The artists of the Renaissance period, and above all, the great ones like Michelangelo, demanded an actual contract between them and those who commissioned the work, even if it was the Pope. These sheets mentioned the minor details and limits of freedom of creative expression. So, for example, they wrote that the painter X undertook to paint a certain number of figures, between large and small, and a certain number of background landscapes with X number of trees, rivers, and palaces. The art of painting at that time was judged by the technical ability of the artisan and by the difficulty, always technical, of the work commissioned. Of course, the artist/artisan knew those figures had to convey and evoke the faith of the prevailing religion. But we must not think that the Pope’s court was any different in tastes from other Italian Renaissance courts: the Popes at the time were of exclusive aristocratic birth, and they were educated from childhood to play and entertain themselves with erudition. Pope Clement VII’s biography also respected these rules, as he was the son of Giuliano de ‘Medici, even if only a natural son.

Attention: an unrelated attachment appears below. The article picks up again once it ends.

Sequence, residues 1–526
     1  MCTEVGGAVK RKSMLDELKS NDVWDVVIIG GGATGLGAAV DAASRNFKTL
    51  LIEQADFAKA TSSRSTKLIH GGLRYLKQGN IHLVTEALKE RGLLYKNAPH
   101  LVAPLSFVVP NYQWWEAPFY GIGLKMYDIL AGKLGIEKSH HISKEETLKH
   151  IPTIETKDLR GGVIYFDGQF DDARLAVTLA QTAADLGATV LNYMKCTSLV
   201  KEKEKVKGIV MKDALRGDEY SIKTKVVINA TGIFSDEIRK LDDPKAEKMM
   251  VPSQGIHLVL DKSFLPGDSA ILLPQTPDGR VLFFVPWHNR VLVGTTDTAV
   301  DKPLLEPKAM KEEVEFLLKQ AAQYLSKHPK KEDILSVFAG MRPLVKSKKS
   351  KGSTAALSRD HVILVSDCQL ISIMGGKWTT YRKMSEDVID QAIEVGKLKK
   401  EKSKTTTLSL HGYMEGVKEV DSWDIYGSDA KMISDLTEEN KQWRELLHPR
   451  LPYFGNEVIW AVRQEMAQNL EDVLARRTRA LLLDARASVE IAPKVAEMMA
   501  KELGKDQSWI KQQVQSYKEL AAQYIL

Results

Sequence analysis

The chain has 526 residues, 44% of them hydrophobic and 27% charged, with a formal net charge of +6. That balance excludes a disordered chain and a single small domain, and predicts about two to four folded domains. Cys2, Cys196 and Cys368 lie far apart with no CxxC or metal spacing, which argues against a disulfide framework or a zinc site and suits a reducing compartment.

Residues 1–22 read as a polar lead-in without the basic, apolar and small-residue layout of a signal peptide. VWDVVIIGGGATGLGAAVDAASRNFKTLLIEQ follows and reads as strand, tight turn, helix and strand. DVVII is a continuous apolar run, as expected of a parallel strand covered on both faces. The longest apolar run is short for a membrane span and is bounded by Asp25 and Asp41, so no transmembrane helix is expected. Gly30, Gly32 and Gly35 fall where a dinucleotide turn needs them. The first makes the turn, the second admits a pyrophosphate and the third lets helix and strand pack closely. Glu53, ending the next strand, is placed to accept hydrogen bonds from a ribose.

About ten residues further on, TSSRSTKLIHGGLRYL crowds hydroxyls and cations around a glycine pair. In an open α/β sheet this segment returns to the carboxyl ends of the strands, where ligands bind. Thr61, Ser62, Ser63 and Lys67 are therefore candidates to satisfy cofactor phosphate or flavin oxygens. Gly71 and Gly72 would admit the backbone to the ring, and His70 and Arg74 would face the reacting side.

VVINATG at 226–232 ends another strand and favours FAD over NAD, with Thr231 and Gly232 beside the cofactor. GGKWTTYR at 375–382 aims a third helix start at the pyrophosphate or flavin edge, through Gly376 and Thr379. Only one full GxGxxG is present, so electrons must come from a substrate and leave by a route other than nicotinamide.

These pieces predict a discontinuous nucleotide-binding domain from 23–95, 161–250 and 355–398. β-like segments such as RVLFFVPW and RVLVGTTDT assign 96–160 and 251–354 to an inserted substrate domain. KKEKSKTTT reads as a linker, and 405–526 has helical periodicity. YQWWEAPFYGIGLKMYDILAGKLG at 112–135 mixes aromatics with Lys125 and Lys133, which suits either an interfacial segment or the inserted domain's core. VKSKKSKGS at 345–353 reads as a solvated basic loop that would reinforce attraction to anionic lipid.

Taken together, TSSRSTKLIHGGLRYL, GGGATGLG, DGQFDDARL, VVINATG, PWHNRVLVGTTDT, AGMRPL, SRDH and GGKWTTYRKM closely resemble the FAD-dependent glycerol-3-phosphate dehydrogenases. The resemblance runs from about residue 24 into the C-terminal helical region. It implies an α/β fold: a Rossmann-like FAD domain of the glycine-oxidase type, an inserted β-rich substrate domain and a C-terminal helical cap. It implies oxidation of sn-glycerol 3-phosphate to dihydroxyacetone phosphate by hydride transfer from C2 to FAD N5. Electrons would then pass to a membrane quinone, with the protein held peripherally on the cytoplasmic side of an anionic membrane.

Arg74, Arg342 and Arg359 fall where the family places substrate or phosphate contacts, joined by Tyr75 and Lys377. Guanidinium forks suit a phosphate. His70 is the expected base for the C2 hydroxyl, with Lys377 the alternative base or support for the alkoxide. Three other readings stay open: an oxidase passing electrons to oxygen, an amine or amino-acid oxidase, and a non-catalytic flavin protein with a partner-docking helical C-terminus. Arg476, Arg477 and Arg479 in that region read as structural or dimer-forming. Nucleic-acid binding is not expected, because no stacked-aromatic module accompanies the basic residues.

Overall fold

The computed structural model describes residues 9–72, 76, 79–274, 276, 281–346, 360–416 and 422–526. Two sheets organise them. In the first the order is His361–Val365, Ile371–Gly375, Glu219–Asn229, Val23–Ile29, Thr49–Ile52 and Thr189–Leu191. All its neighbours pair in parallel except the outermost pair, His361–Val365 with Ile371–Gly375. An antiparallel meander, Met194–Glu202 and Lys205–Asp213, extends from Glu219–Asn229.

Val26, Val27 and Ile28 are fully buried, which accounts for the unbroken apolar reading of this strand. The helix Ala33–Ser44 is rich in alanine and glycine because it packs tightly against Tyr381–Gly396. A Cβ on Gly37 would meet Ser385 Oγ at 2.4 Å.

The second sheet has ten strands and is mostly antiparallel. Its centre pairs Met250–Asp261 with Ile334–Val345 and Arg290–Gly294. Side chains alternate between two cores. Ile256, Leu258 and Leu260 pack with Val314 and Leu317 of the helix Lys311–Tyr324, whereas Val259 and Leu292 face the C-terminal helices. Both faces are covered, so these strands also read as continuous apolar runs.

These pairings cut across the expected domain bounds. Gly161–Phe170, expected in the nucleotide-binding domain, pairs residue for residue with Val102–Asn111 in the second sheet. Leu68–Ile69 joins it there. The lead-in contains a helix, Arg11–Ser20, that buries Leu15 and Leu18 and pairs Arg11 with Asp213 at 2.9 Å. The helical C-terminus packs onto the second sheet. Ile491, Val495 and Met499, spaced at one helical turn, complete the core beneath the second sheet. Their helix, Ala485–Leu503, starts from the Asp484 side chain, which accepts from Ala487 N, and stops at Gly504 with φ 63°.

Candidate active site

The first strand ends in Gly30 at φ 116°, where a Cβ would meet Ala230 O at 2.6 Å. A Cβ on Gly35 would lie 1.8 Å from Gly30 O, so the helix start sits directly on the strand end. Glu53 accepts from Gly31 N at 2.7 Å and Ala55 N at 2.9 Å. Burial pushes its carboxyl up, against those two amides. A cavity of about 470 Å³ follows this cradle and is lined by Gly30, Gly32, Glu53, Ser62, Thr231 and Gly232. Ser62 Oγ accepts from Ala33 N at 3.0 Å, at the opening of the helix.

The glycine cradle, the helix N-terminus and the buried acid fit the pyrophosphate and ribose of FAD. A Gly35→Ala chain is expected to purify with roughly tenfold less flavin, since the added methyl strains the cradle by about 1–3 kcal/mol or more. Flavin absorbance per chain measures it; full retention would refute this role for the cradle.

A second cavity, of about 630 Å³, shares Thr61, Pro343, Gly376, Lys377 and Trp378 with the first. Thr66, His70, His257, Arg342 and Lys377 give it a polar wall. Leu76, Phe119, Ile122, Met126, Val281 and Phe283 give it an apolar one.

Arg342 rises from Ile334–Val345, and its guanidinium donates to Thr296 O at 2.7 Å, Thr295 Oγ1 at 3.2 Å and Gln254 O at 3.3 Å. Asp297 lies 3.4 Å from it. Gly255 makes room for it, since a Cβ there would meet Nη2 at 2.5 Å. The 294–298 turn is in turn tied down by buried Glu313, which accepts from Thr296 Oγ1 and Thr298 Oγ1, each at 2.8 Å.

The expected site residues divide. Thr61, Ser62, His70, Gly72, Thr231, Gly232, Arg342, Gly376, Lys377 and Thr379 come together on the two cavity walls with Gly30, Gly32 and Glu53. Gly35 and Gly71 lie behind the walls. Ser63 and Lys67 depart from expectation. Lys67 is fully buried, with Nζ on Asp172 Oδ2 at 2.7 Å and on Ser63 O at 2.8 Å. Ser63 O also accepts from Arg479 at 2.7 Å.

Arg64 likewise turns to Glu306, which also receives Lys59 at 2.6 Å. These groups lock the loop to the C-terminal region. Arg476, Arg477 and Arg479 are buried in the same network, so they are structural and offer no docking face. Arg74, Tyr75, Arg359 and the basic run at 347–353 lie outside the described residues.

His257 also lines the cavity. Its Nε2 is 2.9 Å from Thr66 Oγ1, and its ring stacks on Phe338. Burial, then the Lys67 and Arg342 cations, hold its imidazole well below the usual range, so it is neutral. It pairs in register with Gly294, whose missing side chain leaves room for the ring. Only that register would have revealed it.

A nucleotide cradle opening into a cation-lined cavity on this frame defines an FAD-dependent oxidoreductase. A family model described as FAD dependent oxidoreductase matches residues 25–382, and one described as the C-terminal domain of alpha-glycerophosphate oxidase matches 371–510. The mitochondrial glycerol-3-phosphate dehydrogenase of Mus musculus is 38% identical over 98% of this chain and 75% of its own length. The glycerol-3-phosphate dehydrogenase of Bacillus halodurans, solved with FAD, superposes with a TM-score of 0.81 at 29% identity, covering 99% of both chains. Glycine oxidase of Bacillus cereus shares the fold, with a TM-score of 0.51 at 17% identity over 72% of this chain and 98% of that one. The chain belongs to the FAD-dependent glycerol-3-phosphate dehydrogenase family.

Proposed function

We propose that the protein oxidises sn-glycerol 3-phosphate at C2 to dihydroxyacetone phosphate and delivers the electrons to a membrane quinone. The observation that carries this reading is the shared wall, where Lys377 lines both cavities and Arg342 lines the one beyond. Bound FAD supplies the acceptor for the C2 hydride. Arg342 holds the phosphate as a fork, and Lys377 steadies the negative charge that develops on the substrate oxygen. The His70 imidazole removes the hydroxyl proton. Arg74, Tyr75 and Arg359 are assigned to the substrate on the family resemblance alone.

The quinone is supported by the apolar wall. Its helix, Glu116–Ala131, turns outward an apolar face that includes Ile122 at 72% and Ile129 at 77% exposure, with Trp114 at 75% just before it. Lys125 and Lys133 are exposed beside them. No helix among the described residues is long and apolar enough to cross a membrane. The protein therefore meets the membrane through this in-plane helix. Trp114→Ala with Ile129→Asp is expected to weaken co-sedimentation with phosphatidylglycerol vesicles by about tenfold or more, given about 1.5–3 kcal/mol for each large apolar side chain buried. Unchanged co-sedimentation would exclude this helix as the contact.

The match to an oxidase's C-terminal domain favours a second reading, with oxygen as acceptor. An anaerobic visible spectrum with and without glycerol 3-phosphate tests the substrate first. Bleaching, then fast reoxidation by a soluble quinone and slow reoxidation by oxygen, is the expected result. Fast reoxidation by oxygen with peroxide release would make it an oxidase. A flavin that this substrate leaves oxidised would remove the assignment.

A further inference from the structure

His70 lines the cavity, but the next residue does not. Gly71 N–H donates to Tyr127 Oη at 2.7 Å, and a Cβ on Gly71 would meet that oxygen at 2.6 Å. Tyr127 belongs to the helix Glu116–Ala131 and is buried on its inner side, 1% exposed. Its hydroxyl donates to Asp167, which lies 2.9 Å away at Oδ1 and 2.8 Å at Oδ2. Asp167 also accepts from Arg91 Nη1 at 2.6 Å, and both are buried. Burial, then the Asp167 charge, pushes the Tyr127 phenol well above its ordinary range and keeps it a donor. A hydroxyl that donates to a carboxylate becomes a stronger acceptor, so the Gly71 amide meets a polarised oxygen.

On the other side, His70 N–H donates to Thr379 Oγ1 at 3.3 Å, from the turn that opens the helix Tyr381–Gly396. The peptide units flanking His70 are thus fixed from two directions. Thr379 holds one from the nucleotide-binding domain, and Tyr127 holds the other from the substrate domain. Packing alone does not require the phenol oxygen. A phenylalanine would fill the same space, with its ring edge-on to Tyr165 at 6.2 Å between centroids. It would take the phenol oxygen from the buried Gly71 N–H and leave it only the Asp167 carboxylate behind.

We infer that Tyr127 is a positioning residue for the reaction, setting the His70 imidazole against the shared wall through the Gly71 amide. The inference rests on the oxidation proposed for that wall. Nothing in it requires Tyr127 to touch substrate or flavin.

In 1533 Michelangelo was already working in Florence on various projects for Pope Clement VII in San Lorenzo. In September of that year, the artist went to San Miniato al Tedesco to meet the Pope on his way to France. It seems that on that occasion, the pontiff expressed the desire to have him fresco the wall behind the altar of the Sistine Chapel with a monumental Last Judgment. This theme would have worthily concluded the Chapel’s biblical, evangelical, and apostle stories. Pope Clement’s desire was, in all probability, due to link his name to the enterprise of the Sistine Chapel, as his significant predecessors had done.
But who chose St. Bartholomew as the central figure to unravel the story? In all likelihood, it was Michelangelo himself. Or at least, an essential part of him, to the extent that he came to identify with this figure so that he painted his face on those poor human remains.